How to Break Through the Digital Noise

How to Break Through the Digital Noise


If you want to know how dramatically brand marketing has changed in the digital world, consider the humble Ziploc bag. It used to be that such mundane products were only the fodder of advertising inserts in the Sunday newspaper. But if you search for “Ziploc bags” on YouTube, you will find them there — or, more precisely, customers’ reviews of them — by the thousands.

That is because even mainstay companies such as SC Johnson are experiencing a huge shift in the way customers spread the word about their products, said Gopi Kallayil, chief evangelist for brand marketing at Google. Brands ignite, and customers amplify, he told a standing-room-only crowd at Stanford Graduate School of Business on Wednesday, February 19.

YouTube reviews amplify the household staple whether SC Johnson encourages it or not. “You don’t have a choice; they are going to do it anyway,” he said of customers speaking their minds digitally.

Gopi Kallayil
Companies are experiencing a huge shift in the way customers spread the word about their products, said Google’s Chief Evangelist for Brand Marketing Gopi Kallayil. | Photo by Natalie White

“Brand marketing is becoming permission-based,” said Kallayil during his lunch-hour talk entitled “Building your Brand in the Digital Age,” sponsored by the Mastery in Communication Initiative and the Center for Social Innovation. Even as customers click past ads or ignore them, they do give some brands permission to market to them. They do so by liking the company’s Facebook pages, Twitter accounts, and Google+ pages. “Accumulating permissions is the one thing savvy companies do,” he said. It sends companies the message “every day you can send me messages and I am willing to read them.”

Toyota has even started putting customers in the driver’s seat when it comes to buying a car. Knowing that many car shoppers dread going to the dealer and soon become overwhelmed by choices, Toyota wanted to find a way to make the shopping experience more pleasant and useful. And, who better to seek advice in buying a car than from your dad or big sister. Enter the Toyota Collaborator, which Kallayil helped the auto company develop. It allows users to hold a Google+ Hangout video chat with their friends and relatives, who can help them design their dream car by dragging and dropping various features into a model of the auto. Should you have a question, you can click to call a dealer into the Hangout to answer the inquiry.

Kallayil would not give exact user numbers for the Collaborator, which started three months ago, but said Toyota is happy about the results so far. This is a “branding event” that carries the message that Toyota is reinventing the car-buying experience.

To be successful, companies have always had to establish an emotional connection between their customers and their brand, and today there are so many different — and relatively low-cost — tools for doing so. The Indian government’s highly successful #incredibleindia tourism promotion is based on crowdsourced photos from travelers rather than those from professional photographers. The ongoing “Thank you, Mom” campaign that P&G has been broadcasting throughout NBC’s coverage of the Olympics in Sochi was built with video snippets of 12 athletes throughout their childhood.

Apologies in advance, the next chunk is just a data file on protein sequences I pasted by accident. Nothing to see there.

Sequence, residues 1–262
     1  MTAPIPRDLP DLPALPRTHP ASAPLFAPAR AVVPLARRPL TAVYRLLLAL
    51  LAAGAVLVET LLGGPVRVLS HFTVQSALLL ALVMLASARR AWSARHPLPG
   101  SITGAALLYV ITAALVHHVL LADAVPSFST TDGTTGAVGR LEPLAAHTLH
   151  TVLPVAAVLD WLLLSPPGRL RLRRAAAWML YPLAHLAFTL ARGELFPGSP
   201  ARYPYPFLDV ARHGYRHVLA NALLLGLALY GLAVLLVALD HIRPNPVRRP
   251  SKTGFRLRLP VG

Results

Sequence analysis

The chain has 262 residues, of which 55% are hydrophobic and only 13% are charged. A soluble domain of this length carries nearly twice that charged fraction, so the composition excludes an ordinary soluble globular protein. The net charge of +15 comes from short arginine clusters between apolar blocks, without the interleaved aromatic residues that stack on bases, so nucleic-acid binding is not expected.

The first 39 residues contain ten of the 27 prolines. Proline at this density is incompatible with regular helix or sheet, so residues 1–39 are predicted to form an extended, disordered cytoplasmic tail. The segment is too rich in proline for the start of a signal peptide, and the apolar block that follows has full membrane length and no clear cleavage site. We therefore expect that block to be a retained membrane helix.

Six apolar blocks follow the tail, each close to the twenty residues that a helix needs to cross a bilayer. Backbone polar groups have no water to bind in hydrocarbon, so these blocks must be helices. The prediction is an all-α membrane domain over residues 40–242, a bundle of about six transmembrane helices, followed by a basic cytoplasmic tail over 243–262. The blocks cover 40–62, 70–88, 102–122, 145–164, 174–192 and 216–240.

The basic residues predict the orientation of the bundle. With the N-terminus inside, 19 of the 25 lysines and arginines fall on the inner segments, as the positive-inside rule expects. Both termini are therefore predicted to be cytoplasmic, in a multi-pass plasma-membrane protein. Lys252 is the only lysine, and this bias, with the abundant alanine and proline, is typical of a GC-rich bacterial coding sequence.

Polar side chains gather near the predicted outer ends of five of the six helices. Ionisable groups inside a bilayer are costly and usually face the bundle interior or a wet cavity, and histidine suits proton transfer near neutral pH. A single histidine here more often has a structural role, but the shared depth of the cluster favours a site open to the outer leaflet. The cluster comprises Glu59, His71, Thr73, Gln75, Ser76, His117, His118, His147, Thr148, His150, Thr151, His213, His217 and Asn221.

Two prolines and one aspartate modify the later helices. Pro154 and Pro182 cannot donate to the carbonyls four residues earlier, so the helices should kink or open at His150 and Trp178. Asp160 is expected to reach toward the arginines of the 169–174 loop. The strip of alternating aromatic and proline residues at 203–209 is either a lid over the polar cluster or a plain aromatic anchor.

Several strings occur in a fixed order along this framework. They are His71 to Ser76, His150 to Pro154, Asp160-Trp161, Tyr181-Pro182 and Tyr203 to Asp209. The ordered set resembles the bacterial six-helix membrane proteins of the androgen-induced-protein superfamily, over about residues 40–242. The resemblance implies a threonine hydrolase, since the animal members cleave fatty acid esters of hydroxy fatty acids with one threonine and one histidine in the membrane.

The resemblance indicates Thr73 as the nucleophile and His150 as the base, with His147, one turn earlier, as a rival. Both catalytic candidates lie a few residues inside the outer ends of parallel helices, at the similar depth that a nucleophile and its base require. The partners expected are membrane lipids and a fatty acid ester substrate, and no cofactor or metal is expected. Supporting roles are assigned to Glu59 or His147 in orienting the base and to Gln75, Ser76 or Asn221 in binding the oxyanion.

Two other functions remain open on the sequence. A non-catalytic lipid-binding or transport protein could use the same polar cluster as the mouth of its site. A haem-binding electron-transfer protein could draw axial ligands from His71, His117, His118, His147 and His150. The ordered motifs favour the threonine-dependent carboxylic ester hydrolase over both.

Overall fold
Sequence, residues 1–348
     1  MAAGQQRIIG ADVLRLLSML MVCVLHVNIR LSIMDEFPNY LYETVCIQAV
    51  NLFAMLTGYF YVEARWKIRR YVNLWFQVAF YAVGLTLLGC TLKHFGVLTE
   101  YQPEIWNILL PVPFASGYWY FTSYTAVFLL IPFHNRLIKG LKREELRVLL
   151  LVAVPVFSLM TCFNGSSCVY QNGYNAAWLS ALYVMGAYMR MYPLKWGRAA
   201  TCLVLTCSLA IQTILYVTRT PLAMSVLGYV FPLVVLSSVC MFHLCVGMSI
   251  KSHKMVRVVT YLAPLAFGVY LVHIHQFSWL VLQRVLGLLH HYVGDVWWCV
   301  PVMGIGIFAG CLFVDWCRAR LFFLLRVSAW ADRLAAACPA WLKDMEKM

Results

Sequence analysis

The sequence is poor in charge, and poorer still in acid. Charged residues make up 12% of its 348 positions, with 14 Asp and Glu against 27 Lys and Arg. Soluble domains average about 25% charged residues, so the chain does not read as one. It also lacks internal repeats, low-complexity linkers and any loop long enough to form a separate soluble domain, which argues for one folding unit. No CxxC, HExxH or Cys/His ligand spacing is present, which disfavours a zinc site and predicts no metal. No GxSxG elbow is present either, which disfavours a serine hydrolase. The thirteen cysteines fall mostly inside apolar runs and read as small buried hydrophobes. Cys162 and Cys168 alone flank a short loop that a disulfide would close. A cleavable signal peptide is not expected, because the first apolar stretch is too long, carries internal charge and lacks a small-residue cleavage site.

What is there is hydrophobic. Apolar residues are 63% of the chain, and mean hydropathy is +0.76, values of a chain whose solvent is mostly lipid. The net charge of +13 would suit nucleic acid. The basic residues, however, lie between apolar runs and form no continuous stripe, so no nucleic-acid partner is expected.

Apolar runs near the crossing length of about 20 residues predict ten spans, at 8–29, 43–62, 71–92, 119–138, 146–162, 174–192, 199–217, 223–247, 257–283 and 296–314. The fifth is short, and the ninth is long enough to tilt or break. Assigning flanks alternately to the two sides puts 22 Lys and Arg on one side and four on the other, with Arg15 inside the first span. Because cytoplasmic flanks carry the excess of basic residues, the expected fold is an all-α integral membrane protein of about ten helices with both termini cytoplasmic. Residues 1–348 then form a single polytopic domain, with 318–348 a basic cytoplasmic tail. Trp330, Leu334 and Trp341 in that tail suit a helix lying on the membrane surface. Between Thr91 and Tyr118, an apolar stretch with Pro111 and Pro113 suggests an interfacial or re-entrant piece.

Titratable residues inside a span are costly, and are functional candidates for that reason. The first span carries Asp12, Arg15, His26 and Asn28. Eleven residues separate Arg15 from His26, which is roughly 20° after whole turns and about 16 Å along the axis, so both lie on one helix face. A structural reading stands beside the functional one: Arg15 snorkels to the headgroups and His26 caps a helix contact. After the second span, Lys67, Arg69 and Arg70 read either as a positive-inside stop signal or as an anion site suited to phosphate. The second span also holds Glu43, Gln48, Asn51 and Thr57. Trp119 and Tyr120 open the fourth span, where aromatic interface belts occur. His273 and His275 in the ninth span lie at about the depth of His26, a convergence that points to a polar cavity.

The video Kallayil showed of the moms picking up after the falls of their budding Olympic athletes, left some in the audience wiping away tears afterwards, even as a few snickered over its sappiness.

The noise is deafening now across all sorts of media. The question is how to get your audience to listen. -Gopi Kallayil, Google’s chief evangelist for brand marketing.

Consumers will ignore brand advertising unless it engages, entertains or educates, he said. Consider Volvo’s video of Jean-Claude Van Damme’s “Epic Split Feat.”

Attracting more than 69 million views thus far, the video created by Volvo includes just a single sentence of promotional text: “This test was set up to demonstrate the stability and precision of Volvo Dynamic Steering.” One look at Van Damme stretching his legs between two Volvo semis driving in reverse and you will understand why it went viral.

Taking the “extremely boring” and turning it into entertainment is the brilliance of a Virgin America Safety Video, that depicts entertainers dressed as flight attendants and passengers dancing and singing about the plane’s safety features. Total views of the 5-minute YouTube video: more than 8 million and counting. Now that the FAA has allowed mobile devices on some flights, the big question on social media is whether the texting nun depicted in the video will stay or go if that section gets cut, he said. And even more amazing is the fact that passengers on Virgin America flights actually watch the video, Kallayil said.

“The noise is deafening now across all sorts of media,” he said. The question is how to “get your audience to listen.”


The Business Value Of Mindfulness

The Business Value Of Mindfulness


No reasonable person doubts that basic literacy is a fundamental business skill. After all, you won’t get far if you can’t read and write. So too with basic social and communication skills. But mindfulness? Is mindfulness—a practiced nonjudgmental in-the-moment awareness rooted in meditation, Buddhism and yoga—also becoming an important business tool?

Organizations like the Institute for Mindful Leadership and the Search Inside Yourself Leadership Institute say “yes,” as does the contemplation-centric Garrison Institute. They all assert a business value for mindfulness training while also providing such training. And they root the trainings they offer in traditional practices along with contemporary neuroscience and psychology. So too with business schools bringing mindfulness training into their curricula.

But not everyone is delighted by the prospect of mindfulness in the workplace. Some see it as “saffron-washing” and “abusing the Buddha,” well-intentioned efforts that sever mindfulness practice from the ethical frameworks in which such practice were developed and from which they derive meaning. Nevertheless, even the most ardent critics note mindfulness practices yield healthier, more productive employees. And emerging research backs up the value.